Theodore “Ted” Walton

Ted Walton has been practicing law since 1999. He focuses on providing effective advocacy and personal attention to his clients’ goals and needs. On behalf of individuals, Ted handles catastrophic personal injury, professional negligence, consumer fraud, and employment cases. On behalf of his business clients, Ted handles a wide variety of commercial issues for both plaintiffs and defendants. In his plaintiffs work, Ted has helped secure over $40 million dollars in verdicts and settlements on behalf of his individual and small business clients. Ted has also successfully defended his small business clients in disputes with former partners, other businesses, and employment claims.

Ted has been named a “Superlawyer” (top 5% in the state) by Thomas Reuters from 2013-2018, and is consistently recognized as one of Louisville’s top business litigators in peer group polls. He was recognized in Louisville Magazines Top Lawyers issue as a top lawyer in “bet the company litigation”.

Ted is known for being extremely selective in the cases he takes. He believes that our legal system plays an important role in creating a better, safer, and fairer world and that not everything should be litigated. The clients he represents frequently see beyond the disputes that have changed their lives, and want to ensure that no one else suffers as they have. Corporate rule breaking, the subordination of safety to profits, and unfair bias against particular groups of people are all too common. The threat of aggressive attorneys willing to put this kind of callous and irresponsible behavior in front of a jury not only helps get justice for an aggrieved party, but helps to prevent similar misconduct in the future. Aggressive advocacy not only helps the individual client, but it helps make a better, safer, fairer world.

Ted is a lifelong resident of Louisville. He is happily married and has two awesome sons who attend JCPS schools. Ted attended Earlham College in Richmond Indiana on a National Merit Scholarship. He received his J.D. from the University of Louisville Brandeis School of Law, magna cum laude, in 1999.

Ted is a founding partner in the firm of Adams • Landenwich • Walton. He left a mid-sized Louisville law firm in 2010 and joined several of his current partners in order to create a firm of distinguished courtroom advocates who are all fully dedicated to personal client attention. Ted handles cases all over the state of Kentucky and Southern Indiana.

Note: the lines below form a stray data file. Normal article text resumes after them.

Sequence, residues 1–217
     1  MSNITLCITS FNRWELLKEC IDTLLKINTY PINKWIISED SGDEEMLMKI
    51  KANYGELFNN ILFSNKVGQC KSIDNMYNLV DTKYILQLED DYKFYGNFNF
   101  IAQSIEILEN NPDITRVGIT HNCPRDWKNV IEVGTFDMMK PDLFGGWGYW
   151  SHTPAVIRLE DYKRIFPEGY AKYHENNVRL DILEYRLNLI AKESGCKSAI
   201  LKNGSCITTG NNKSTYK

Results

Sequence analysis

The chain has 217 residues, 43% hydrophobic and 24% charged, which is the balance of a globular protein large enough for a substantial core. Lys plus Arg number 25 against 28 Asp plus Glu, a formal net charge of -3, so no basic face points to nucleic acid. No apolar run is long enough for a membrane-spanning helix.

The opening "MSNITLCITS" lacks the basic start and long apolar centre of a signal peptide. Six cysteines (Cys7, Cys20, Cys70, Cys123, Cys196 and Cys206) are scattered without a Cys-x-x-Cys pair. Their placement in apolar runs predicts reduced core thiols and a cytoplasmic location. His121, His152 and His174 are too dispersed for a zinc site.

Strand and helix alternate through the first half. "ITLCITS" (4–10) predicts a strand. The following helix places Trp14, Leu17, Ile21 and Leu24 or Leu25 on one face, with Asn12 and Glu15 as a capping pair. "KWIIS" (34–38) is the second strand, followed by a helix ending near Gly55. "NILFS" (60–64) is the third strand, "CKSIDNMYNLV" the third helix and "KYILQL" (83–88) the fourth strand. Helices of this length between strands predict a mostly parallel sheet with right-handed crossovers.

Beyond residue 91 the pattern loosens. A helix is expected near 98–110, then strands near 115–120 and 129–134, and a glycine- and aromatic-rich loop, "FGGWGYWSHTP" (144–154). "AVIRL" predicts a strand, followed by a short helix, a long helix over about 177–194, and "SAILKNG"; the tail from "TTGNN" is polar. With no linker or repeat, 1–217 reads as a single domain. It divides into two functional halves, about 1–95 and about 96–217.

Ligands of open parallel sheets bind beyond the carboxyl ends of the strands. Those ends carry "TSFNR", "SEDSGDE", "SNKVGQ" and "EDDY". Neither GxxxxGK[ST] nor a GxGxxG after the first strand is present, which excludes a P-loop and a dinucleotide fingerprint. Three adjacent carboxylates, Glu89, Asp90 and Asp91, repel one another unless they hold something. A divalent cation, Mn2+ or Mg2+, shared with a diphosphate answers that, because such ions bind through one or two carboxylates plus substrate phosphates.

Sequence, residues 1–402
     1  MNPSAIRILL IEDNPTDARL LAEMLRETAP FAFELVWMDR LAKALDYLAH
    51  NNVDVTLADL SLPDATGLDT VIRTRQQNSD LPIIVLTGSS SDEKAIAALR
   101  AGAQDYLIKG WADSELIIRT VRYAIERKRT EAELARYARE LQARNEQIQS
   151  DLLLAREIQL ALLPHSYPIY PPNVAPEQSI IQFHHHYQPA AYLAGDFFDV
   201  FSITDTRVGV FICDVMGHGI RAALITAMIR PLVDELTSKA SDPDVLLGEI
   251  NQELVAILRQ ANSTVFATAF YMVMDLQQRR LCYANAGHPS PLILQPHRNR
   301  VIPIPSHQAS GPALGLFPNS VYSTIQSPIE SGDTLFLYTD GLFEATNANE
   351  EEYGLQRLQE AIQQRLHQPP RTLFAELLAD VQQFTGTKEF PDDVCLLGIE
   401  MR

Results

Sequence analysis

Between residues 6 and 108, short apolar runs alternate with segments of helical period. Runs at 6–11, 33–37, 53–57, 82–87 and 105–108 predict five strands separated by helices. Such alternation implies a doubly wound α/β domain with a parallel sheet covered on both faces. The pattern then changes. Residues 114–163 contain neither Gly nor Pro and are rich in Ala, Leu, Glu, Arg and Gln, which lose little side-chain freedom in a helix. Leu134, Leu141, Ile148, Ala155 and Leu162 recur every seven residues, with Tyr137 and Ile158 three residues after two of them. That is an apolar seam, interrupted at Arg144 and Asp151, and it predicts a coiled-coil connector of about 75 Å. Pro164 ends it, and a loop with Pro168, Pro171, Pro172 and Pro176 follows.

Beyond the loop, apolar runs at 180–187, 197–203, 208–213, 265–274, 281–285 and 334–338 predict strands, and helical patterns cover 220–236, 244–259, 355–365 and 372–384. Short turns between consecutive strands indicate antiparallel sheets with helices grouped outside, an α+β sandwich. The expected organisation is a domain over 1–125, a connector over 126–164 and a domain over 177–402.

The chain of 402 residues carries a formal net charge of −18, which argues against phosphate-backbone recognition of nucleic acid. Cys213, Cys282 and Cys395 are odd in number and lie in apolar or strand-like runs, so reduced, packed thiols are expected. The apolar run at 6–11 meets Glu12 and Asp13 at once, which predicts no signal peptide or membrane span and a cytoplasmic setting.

Recent Verdicts

 Greenamyer v. Eifler, $13.4 million dollar jury verdict for breach of contract, fraud, tortious interference with contract.

 

Blue Sky, Inc. v. Miller’s Lane Center,  $1.6 million dollar verdict for conversion and tortious interference with contract

 

Burge v. Appriss Inc, $980,000 verdict in breach of contract and fraud action.

 

Gentry v. Floyd County, $1.23 million class action settlement.

 

Recent Appellate Cases

 

McCann v. Sullivan Univ. Sys., Inc., 528 S.W.3d 331, 333 (Ky. 2017) (Represented employees in seeking class action certification for unpaid overtime wages.  The Kentucky Supreme Court held that Kentucky’s wage-hour law permits class actions for unpaid wages and overtime overturning several Kentucky Court of Appeals and Federal District Court decisions.

 

Cady v. Remington Arms Co., 665 F. App’x 413 (6th Cir. 2016) (represented employee who was terminated from his white-collar position when requesting accommodations for his disability).

 

EMSL Analytical, Inc. v. Clymer, No. 2017-SC-000167-MR, 2017 WL 3632915 (Ky. Aug. 24, 2017) (represented the Hulette family on claims of malpractice and laboratory and expert fraud).

 

Pulliam v. Monessen Hearth Sys. Co., No. 2013-CA-000138-MR, 2014 WL 3796206, at *1 (Ky. Ct. App. Aug. 1, 2014) (representing Emily Pulliam who reported workplace sexual harassment and the termination of her employment).

 

Dugle v. Norfolk S. R. Co., 683 F.3d 263 (6th Cir. 2012) (Plaintiff, a Deputy Sheriff, suffered a severe brain injury when a train operated by the Norfolk Southern Railway Company (Norfolk) struck the police cruiser that he was driving across a set of railroad tracks in Shelby County, Kentucky.  6thCircuit held fact issue of whether the crossing was ultrahazardous and whether train crew provided adequate warning prohibited summary judgment).

Areas of Practice

  • Super Lawyers
  • Best of Louisville - Louisville Magazine
  • NELA
  • Kentucky Justice Association
  • American Justice Association
  • Indiana Trial Lawyers Association